When I was in high school, I had a few friends who were strong evangelical Christians.
Tim was one of them, and he unabashedly shared his faith on a regular basis. Because of Tim, I was introduced to Christian music à la Michael W. Smith on a bus ride home from a school trip – ahhhh good times!
I was ornery then, and though Tim was a good friend, I wanted to see how Christian he really was, so I’d try to push his buttons to make him mad. Sometimes I’d cuss in front of him just to see what he would do. While he’d tell me he didn’t like my words, he was unwavering and stayed my friend.
When I read this quote from Lloyd Pulley about sharing the Gospel it made me think of Tim.
“The most important call upon our lives is to make disciples. Whether we are Sunday school teachers, preachers, mothers, fathers, friends or co-workers, we all have been given the same mandate from the Lord to go into the world and be witnesses of Him.
Fear of rejection hinders many of us from sharing the Gospel. Taking a stand for Jesus can be a little risky and may cost us friendships, but aren’t you glad someone took that risk with you?”
I am so grateful for Tim’s friendship and that he took a risk with me. Now, as I think about sharing the gospel with others, I keep these five principles in mind. They’re from Pulley’s book, Everyday Conversations, Eternal Impact.
Five Principals for Sharing the Gospel (S.H.A.R.E.)
- Be Sensitive to the Spirit
How many times do you struggle to make something happen, but when you stop to pray, the Holy Spirit gives you the perfect solution and your task is accomplished in no time?
Being sensitive to the leading of the Holy Spirit is critical when sharing the gospel with others. By listening to His prompting we can be led in what to say – and not to say – to someone who doesn’t know Him.
- Humbly Build a Bridge
At my college there was this green grassy area called “the mall” where students hung out, studied, played Frisbee, and so on.
Often there’d be someone standing out on the mall sharing the gospel by yelling at passersby telling them that they were going to hell. I never once saw someone stop and talk to the yeller and say, “Oh you are right. I’ll go ahead and become a Christian now.”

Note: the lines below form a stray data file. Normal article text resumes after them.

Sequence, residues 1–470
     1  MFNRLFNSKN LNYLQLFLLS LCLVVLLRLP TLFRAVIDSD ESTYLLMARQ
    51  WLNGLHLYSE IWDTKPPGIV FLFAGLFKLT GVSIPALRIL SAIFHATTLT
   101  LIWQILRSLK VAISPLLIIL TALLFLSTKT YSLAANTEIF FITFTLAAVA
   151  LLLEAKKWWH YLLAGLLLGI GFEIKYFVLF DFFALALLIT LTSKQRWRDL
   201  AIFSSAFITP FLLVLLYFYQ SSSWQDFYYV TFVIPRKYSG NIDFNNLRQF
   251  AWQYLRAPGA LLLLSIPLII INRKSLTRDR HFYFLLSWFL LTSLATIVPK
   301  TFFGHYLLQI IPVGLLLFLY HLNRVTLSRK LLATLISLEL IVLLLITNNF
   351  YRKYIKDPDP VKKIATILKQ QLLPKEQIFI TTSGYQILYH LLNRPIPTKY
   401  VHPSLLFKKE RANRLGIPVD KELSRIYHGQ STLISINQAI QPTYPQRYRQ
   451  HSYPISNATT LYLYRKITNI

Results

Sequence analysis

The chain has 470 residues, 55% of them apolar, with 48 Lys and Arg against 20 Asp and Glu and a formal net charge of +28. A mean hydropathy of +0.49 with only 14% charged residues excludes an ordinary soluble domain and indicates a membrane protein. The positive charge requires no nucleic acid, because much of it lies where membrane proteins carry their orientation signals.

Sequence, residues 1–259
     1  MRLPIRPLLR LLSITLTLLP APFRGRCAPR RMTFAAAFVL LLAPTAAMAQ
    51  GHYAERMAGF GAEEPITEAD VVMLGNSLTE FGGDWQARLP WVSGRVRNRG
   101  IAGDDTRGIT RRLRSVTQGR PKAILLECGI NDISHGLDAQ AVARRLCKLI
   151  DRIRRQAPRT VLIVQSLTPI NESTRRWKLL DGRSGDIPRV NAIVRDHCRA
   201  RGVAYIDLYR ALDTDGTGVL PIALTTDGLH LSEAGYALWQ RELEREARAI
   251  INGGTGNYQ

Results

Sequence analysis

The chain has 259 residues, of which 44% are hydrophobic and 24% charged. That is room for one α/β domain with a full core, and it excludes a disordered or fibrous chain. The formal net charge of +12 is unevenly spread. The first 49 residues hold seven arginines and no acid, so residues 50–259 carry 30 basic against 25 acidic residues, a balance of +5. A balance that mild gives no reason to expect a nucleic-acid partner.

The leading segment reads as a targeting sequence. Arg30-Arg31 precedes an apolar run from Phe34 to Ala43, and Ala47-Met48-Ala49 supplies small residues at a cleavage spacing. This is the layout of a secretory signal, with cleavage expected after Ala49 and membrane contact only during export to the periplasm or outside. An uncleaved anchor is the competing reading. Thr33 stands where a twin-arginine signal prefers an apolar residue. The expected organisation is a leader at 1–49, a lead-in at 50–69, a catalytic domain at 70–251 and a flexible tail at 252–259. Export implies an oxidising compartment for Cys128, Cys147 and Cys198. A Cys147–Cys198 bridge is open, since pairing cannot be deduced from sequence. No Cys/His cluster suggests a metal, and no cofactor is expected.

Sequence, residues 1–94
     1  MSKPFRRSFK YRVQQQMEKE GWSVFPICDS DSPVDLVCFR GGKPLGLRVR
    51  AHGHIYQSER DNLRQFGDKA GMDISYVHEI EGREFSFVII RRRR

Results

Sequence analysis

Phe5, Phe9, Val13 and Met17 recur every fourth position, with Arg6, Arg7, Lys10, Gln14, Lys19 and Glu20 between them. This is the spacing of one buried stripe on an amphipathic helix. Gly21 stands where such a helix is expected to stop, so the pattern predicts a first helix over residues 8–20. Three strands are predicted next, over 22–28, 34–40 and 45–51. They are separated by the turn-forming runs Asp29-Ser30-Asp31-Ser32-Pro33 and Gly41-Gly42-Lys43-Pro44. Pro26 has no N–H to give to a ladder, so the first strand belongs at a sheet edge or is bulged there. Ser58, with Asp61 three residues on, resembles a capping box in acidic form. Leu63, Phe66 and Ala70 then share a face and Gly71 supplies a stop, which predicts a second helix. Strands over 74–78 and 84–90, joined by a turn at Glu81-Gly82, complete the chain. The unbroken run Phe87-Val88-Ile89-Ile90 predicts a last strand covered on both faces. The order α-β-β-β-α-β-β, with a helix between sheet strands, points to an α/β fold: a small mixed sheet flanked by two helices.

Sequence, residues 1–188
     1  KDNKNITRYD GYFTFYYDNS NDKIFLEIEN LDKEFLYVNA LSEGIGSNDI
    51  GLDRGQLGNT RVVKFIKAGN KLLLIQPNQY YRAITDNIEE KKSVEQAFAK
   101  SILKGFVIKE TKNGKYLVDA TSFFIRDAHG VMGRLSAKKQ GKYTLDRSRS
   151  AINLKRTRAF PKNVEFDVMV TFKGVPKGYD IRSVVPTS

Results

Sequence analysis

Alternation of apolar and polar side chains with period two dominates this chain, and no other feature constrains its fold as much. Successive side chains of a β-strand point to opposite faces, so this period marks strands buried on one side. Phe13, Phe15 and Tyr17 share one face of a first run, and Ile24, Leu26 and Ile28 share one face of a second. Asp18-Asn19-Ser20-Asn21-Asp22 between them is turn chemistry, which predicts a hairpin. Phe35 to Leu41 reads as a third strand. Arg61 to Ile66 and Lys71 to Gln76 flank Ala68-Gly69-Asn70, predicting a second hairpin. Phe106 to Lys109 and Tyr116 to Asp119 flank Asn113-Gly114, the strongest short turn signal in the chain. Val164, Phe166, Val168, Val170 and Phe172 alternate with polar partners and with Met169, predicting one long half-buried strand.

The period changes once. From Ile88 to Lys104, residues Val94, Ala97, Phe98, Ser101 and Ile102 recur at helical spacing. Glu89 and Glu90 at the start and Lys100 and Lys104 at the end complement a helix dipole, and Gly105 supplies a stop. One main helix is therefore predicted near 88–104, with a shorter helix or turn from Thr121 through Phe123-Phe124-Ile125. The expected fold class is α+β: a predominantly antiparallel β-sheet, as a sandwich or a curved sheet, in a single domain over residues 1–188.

When we approach people with humility and respect, they are more receptive to what we have to say. People want to know that you, and Jesus, genuinely care about them.
Jesus treated the Samaritan woman in John 4 with respect and, in turn, she and her entire community became believers.
- Arouse Interest
In a world where so many are busy, tired and hurting, it won’t take much to arouse interest. People want to know that the things in their lives matter to another human being.
When you take time to talk to others, opening a door to share the gospel, take a genuine interest in them and they will take interest in what you have to say.
- Reveal Sin
Today, pointing out sin is not PC and equals disrespect and being unloving. I am an emotions-based person, so the idea that someone could feel disrespected or unloved based on my words or actions is devastating. At the same time, this isn’t about me.
I am a sinner saved by grace, so talking about someone’s sin isn’t about pointing and condemning – it’s about extending the Christ’s freedom to that person. It’s telling them that the junk they struggle with – sin – doesn’t have to be an ongoing struggle.
- Explain the Plan of Salvation
When sharing the gospel with others, you may never get to a point of explaining the plan of salvation to them. If you do, stick to the simplicity of the truth. Often people have questions like “Why does God allow cancer or war?” While those are good questions, they are a distraction from the point of your conversation.
The point is: Jesus loves them, died for them and wants to have a personal relationship with them. It is that truth that will change their lives – for eternity.
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beautiful in it’s simplicity
This was helpful.
Do you have any advice for a teen who is trying to write their testimony.
Just to keep is simple, straightforward and heartfelt. It is the sincerity of what is being shared that, in my opinion, makes the most impact.
And well, be aware of who their “audience” is and be sensitive to some of the wording they use in their testimony. I was raised not knowing what accepting Jesus into your heart meant so when someone talked to me about accepting Jesus into my heart when I was 13 I looked at them like they had two heads and walked away. 🙁
Hope that helps. If you think of it, let me know how it goes. 🙂